Enough to make you weep
I saw a picture on Twitter today of a hunter standing proudly behind his latest haul - about 50 Turtle Doves and a Golden Oriole. I don't know what part of North Africa or the Mediterranean that the picture was taken (and am assuming that it was taken this Spring). Don't assume that this post is now going to take off into a rant against the evils of hunting 'our' birds - I don't agree with the killing of them, but then again I haven't been born into a culture where such practices are part of the way of life. It's also rich that 'we' can preach to so called 'backward' people about their environmental disgraces when we have clear-felled our forests, over-fished our seas, more or less wiped out our farmland birds, poisoned our pollinating insects and are having to re-introduce raptors because we murdered the bloody things in the first place...
Seeing those lifeless doves drove small nails into my heart because it becomes less likely that I will hear one of the finest sounds in nature this coming summer - the soporific purr of the Turtle Dove - redolent of balmy days, verdant hedgerows and lazy torpid air.
In just one birder's lifetime we have gone from this species being a staple of the countryside to becoming a bit of a rarity. I can scarcely believe that at Walberswick, in 1976, I saw a flock of over 150. I doubt that I'll see that many in the UK again, even if I live to be 100.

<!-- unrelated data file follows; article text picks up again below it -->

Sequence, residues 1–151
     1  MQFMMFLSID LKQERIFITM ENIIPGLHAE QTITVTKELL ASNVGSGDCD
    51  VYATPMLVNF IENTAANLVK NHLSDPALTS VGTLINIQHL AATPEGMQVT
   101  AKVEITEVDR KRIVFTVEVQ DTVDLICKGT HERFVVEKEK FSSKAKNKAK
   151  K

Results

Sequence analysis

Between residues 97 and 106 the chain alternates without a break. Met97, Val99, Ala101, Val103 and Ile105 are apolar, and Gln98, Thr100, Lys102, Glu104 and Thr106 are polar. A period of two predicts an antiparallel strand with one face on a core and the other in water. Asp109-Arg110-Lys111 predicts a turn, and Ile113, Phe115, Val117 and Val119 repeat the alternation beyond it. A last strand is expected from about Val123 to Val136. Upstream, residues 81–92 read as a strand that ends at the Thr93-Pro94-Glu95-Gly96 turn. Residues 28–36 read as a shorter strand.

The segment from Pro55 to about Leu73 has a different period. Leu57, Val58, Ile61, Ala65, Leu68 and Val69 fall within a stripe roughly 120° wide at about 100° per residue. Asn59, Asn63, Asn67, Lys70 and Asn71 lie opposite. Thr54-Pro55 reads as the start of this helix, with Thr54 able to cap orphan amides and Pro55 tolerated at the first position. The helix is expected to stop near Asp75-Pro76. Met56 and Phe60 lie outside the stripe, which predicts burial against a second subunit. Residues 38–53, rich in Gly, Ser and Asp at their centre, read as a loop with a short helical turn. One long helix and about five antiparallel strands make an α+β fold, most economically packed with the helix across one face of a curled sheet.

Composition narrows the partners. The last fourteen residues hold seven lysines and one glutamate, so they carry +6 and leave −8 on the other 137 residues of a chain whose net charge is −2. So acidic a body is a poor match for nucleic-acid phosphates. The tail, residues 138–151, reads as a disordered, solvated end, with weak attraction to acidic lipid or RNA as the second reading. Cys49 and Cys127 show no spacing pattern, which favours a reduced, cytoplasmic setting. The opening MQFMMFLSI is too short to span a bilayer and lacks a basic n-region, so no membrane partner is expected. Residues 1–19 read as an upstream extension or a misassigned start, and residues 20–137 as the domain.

I don't mourn the missing of a rarity, but do the absence of such a charismatic bird. I'd swap every last decent species on my worthless life list to return them to their former glory. Purr on, my little beauties, purr on...
I support some forms of shooting in this country because in a lot of cases it means that valuable habitat is maintained for the benefit of far more endangered species than pheasants but look at the Grey Partridge. It is now a rare bird in much of the countryside for several reasons but it is still legal to shoot them each winter, hunters in Malta could ask why.
I have recently made comment upon the state of Song Thrushes in my local area - times they are a changing and with it the flora and fauna; with a bias to the detriment of what we once considered to be "regular" species. I'm sure we all have our own theories - but the hypocrisy of the situation of a UK resident complaining about ecological impact of shooting Turtle Doves whilst still paying their water rates/gas bills is ludicrous. The UK is on the brink of ecological abyss - better we sort our own problems out before pointing fingers elsewhere? - Loving it! Dyl